For the ultra-competitive, the idea of cooperative games is pretty lame. Then again, they're probably exactly the ones who need to play them, if for no other reason than to chill out and learn how to "work well with others." And honestly, there's something really satisfying about achieving a common goal, even if it's with little plastic and cardboard pieces.
In Forbidden Island, players work together to get artifacts before the island they're on sinks into the ocean forever (at least until the next time you play, anyway). Pandemic unites players against a deadly plague sweeping the earth, challenging them to eliminate the disease before it eliminates humanity. You can probably guess the objective in The Lord of the Rings Game.
Elsewhere we've emphasized the valuable character-building elements of game play, and these are exemplified nowhere better than by these titles. Players aren't out to protect themselves and beat everyone else, they're called to use their skills and strategies for the good of everyone concerned.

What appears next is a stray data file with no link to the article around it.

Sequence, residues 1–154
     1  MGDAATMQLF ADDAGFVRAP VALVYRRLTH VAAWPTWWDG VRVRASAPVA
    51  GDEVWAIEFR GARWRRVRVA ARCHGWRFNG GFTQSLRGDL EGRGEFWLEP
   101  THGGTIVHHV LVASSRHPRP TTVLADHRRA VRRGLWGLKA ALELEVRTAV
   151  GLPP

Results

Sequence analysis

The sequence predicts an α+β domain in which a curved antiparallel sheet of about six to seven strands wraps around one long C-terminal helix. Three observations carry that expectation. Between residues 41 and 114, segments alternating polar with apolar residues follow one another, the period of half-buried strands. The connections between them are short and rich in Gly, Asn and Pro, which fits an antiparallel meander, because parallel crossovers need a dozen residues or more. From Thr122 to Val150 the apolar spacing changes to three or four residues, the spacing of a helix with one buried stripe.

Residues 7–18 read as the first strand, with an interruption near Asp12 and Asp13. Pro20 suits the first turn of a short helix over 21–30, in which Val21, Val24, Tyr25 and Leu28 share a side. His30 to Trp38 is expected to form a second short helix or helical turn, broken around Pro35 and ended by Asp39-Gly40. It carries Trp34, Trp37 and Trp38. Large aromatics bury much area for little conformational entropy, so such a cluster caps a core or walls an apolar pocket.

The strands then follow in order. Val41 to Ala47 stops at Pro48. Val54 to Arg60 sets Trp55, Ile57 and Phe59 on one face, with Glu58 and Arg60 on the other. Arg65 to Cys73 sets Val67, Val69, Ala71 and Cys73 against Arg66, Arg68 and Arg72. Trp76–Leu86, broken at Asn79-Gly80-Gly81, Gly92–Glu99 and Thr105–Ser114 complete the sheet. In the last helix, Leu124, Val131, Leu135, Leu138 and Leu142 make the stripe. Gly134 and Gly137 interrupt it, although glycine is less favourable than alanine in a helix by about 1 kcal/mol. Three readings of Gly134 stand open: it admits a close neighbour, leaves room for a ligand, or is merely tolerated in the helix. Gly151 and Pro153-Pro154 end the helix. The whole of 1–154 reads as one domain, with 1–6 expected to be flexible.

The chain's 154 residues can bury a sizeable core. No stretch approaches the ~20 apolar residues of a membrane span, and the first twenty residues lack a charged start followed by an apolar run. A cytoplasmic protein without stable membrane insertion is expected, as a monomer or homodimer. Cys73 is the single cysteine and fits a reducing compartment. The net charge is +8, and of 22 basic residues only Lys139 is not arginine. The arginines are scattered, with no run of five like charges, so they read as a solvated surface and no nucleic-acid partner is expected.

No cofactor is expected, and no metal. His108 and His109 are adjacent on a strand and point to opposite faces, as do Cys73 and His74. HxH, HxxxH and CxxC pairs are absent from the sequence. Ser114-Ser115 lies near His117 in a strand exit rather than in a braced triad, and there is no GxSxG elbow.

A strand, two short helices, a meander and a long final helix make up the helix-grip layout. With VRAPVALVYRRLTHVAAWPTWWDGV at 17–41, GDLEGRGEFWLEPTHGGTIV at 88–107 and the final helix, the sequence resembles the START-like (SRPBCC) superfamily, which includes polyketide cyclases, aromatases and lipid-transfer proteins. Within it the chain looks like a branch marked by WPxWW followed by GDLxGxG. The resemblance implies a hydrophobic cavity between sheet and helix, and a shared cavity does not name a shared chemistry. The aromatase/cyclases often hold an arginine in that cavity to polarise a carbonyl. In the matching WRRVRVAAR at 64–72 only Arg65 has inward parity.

For Christian families especially, this is an excellent theme to establish and cultivate. We don't want to raise kids who seek only their own gain and pleasure, we want godly children who will serve their neighbors and love their enemies. While these games don't explicitly promote this attitude, their nature inherently points to it.
That's not to say these aren't just plain fun games. Some of them are ridiculous, too (in Red November you play as a gnome submarine crew). At the end of the day, there's just as much to be said for having fun and laughing as a family or with friends, and these games are certainly condusive toward that end also.
Review by C. Hollis Crossman
C. Hollis Crossman used to be a child. Now he is a husband and father, teaches adult Sunday school in his Presbyterian congregation, and likes weird stuff. He might be a mythical creature, but he's definitely not a centaur. Read more of his reviews here.
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